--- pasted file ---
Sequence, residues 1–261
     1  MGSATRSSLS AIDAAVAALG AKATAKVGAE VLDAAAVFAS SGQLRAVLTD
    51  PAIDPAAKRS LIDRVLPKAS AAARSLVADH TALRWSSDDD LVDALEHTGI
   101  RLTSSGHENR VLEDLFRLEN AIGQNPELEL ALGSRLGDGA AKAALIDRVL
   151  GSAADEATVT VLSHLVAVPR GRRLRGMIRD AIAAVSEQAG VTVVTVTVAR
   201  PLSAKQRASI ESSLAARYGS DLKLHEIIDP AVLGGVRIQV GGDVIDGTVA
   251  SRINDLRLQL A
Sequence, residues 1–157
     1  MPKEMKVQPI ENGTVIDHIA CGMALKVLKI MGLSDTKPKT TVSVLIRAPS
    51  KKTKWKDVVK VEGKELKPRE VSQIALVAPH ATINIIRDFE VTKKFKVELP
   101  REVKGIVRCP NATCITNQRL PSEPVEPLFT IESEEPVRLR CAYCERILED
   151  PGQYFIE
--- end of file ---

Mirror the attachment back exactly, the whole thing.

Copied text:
Sequence, residues 1–261
     1  MGSATRSSLS AIDAAVAALG AKATAKVGAE VLDAAAVFAS SGQLRAVLTD
    51  PAIDPAAKRS LIDRVLPKAS AAARSLVADH TALRWSSDDD LVDALEHTGI
   101  RLTSSGHENR VLEDLFRLEN AIGQNPELEL ALGSRLGDGA AKAALIDRVL
   151  GSAADEATVT VLSHLVAVPR GRRLRGMIRD AIAAVSEQAG VTVVTVTVAR
   201  PLSAKQRASI ESSLAARYGS DLKLHEIIDP AVLGGVRIQV GGDVIDGTVA
   251  SRINDLRLQL A
Sequence, residues 1–157
     1  MPKEMKVQPI ENGTVIDHIA CGMALKVLKI MGLSDTKPKT TVSVLIRAPS
    51  KKTKWKDVVK VEGKELKPRE VSQIALVAPH ATINIIRDFE VTKKFKVELP
   101  REVKGIVRCP NATCITNQRL PSEPVEPLFT IESEEPVRLR CAYCERILED
   151  PGQYFIE